5 – Sometimes, the conversation flow between Brendan Burke, Keith Jones, and their “Inside the Glass” partners (Brian Boucher for BOS-WSH game, A.J. Mleczko for NYI-PIT game) seemed a bit wonky. Nonetheless, Burke did a superb job of bringing in relevant stats and Jones brought in solid analysis to support those statistics. Boucher focused a lot on the goaltenders during the Bruins-Capitals game. Once both Boucher and Mleczko both have a chance to get more reps with Keith Jones, the conversation flow should run more smoothly.

 

6 – Before the Islanders-Penguins game, the cameras were on Burke and Jones, which was not the case on Saturday night before the Bruins-Capitals game. Thus, I had no idea whether Burke and Jones were at the arena or broadcasting remotely. (I learned later that they indeed called the game from the arena.) Transparency is best. Viewers should not have to guess where the broadcasters are situated. Fan expectations vary, depending upon the announcers’ vantage points.  For the MIN-VGK game, John Forslund and Joe Micheletti were shown on camera inside T-Mobile Arena.

 

7 – Watching Keith Jones, who’s been a mainstay of NBC Sports’ studio coverage serve as a game analyst was a change. (Jones is the main color commentator for the Philadelphia Flyers). He did a good job referencing game stats, such as the Bruins’ faceoff advantage against the Capitals during that game. He didn’t say anything that was too flashy or terribly insightful. Then again, his cautious analysis kept him from making mistakes. 

8 – The chemistry between John Forslund, Joe Micheletti, and Pierre McGuire during the Minnesota-Vegas game was great. All three of them were very conversational with each other and the tradeoff of color commentary between Micheletti and McGuire seemed natural.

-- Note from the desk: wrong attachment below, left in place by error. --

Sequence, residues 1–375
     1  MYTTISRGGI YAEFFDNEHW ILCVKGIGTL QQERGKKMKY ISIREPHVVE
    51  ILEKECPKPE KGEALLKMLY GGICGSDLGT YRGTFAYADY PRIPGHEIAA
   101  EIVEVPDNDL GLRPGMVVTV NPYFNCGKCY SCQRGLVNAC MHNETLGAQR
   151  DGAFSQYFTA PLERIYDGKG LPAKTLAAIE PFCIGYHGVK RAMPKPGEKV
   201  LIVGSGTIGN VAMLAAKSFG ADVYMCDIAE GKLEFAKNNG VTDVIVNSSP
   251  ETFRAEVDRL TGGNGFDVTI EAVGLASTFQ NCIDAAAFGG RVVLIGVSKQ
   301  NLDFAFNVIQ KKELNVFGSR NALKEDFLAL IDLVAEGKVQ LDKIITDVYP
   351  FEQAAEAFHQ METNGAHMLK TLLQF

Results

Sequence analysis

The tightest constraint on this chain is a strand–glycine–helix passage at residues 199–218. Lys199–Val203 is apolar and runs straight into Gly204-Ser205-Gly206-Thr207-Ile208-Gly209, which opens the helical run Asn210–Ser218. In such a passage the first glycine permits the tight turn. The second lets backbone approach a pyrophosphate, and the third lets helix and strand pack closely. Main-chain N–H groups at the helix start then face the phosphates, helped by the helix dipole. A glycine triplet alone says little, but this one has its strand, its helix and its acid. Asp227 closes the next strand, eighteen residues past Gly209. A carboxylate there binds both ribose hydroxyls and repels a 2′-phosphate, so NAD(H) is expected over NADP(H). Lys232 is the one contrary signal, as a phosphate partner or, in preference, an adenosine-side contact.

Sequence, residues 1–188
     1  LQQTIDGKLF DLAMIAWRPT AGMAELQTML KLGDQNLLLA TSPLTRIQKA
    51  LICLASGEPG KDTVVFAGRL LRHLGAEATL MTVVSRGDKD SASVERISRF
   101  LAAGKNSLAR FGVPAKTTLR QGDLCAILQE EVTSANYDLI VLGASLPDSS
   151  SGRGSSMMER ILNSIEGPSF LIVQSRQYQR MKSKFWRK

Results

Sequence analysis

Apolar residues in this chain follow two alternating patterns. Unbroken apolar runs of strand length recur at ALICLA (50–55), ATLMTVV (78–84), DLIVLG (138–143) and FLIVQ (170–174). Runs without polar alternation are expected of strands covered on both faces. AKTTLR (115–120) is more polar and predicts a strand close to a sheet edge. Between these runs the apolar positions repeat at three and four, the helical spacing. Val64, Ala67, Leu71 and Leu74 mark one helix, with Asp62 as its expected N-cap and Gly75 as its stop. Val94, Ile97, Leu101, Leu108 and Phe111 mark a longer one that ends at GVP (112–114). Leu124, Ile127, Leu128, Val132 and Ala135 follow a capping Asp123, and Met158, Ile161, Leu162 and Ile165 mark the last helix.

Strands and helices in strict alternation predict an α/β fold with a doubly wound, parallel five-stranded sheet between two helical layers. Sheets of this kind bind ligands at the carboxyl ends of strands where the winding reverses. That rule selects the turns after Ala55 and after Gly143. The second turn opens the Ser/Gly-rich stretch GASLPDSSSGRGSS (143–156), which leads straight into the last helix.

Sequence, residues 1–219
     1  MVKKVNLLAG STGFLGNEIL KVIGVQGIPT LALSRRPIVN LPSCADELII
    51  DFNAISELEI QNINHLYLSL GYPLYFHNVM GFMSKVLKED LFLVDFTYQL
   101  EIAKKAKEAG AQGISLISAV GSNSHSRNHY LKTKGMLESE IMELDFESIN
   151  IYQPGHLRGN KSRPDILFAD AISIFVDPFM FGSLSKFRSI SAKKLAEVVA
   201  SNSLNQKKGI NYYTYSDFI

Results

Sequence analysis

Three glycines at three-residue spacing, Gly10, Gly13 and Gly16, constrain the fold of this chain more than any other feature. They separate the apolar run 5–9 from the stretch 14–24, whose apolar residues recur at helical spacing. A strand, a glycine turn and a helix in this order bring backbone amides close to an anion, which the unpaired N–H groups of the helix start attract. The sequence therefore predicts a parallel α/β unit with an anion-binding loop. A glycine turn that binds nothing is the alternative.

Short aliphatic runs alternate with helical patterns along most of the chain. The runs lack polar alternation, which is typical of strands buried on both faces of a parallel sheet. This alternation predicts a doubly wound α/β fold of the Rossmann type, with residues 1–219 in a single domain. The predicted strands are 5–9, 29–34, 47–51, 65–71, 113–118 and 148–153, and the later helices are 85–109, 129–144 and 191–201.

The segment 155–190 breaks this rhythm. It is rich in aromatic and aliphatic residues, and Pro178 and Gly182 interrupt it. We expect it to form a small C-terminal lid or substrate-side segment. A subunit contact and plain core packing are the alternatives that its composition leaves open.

9 – Brendan Burke did a good job of letting the Capitals fans be heard for about ten seconds after Washington’s Nic Dowd scored the game winner in their Game 1 contest against the Bruins. He also let the broadcast breathe after Kyle Palmieri scored the game winner in the Islanders-Penguins game. The pause did not seem as long because the goal was scored for the away team. There was less cheering from the Pittsburgh faithful than the jubilant Washington crowd at the end of their respective games this weekend.

10 – NBC had no official pre-game coverage before the Bruins-Capitals contest due to the Preakness Stakes where Rombauer pulled off the upset victory. Legendary hockey announcer Doc Emrick, who retired after the 2020 Stanley Cup Final, narrated an intro to the playoffs. He talked about all the “hands” that take part in the spectacle of playoff hockey. The best way to describe the narration is that it was written by the gifted Doc Emrick. A generation of hockey fans grew up hearing Emrick’s unique play-by-play style during the Stanley Cup Finals. It appears that Kenny Albert will have the big shoes to fill covering the Finals this year. Albert has already been appointed the lead voice beginning next season when Turner has the rights.

 

 

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Eric Bean

Eric Bean is an undergraduate journalism student at University of Colorado, Boulder with a minor in sports media. Eric is looking to incorporate his passion for sports and storytelling as he pursues a career in sports media.